Chances are, you yourself have nothing of value to contribute on any thread, otherwise, you'd have articulated your views intelligently.

Daniel

Well that's chicken***t! Why would you get dinged?

Now on the topic at hand, I think all MA's are damaging. It's like taking a .22 and a .45 caliber gun and saying which is more deadly. Don't really want to get shot with either one.
 
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Daniel Sullivan

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Now on the topic at hand, I think all MA's are damaging. It's like taking a .22 and a .45 caliber gun and saying which is more deadly. Don't really want to get shot with either one.
Not to mention that the accuracy of the gunman would play a big part in which one is more damaging. Technically, the .45 is more damaging. But only in the hands of someone with A. the skill to use it and B. with the intent to use it.

This is kind of where I see various martial arts. Some technique sets do have greater ability to damage an opponent. But the skill of the user is a greater factor than the specific technique set. Knee blows, in my opinion, are more 'damaging' than a kick, but the kick is more versatile. Kicks have the potential to cause more damage than a punch, but the hands are more versatile than the feet.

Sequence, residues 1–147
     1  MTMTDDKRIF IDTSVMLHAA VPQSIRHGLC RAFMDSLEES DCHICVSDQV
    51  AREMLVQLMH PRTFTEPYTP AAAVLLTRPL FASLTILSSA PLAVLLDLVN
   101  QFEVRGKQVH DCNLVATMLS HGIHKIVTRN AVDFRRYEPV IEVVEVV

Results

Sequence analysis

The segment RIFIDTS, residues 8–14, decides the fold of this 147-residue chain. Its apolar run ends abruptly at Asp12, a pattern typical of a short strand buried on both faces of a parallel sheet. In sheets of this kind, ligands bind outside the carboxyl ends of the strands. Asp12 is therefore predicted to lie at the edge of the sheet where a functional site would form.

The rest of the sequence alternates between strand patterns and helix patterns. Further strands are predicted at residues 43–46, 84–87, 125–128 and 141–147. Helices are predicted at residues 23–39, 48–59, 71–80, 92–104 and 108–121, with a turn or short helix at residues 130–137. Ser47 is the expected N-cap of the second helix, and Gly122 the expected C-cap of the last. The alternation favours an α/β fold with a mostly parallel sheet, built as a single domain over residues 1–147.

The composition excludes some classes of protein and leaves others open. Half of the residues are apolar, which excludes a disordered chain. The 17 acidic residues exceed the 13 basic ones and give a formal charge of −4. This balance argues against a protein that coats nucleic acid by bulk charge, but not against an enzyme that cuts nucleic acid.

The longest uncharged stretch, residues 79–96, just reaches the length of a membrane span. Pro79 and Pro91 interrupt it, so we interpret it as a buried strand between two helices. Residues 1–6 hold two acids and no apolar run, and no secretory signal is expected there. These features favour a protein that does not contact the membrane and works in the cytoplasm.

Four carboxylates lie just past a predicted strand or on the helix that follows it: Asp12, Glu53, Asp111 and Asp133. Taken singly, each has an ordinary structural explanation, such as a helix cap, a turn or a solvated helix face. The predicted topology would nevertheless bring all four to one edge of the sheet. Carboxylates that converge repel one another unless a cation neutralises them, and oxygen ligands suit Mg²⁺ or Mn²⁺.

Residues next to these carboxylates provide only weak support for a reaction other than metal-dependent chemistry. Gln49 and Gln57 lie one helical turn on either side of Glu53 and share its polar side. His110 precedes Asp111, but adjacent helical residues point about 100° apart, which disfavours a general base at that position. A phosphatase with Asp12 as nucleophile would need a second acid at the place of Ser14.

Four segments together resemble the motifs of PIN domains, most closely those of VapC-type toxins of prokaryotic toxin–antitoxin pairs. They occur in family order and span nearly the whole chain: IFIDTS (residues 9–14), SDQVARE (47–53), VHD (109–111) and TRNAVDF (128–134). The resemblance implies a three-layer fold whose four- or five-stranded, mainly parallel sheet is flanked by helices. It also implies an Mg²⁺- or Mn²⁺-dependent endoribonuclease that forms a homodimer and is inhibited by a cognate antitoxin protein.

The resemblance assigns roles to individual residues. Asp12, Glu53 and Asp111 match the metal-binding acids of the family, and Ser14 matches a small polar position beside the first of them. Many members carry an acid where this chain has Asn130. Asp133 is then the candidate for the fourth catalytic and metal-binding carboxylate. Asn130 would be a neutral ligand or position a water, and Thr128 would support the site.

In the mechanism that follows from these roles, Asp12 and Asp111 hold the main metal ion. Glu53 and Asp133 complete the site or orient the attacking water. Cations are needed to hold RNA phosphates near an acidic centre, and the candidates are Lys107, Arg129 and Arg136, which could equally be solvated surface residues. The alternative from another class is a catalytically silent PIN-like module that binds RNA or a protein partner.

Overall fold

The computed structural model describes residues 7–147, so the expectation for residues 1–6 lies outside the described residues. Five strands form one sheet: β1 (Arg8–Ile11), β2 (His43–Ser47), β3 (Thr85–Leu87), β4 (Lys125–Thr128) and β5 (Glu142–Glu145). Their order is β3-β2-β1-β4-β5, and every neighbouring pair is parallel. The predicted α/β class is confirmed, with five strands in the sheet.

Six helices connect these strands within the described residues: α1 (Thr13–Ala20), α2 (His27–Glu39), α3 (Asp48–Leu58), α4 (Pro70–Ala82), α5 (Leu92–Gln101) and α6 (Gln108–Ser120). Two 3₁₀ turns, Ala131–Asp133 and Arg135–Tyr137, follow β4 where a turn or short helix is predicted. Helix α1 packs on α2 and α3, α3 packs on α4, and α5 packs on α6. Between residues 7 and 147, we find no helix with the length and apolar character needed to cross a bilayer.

Certain arts have superior means of power generation to other arts, which can result in the techiques being more damaging than others. This doesn't necessarily make the more effective than another art, as there is more to any art than the amount of damage it can cause.

Then there are different types of damage. You had pointed out firearms. Some guns/amunition combinations are designed for more piercing power, others for more stopping power. Some are less powerful but more accurate. Some hold more ammuntition than others and even fire more at a time than other.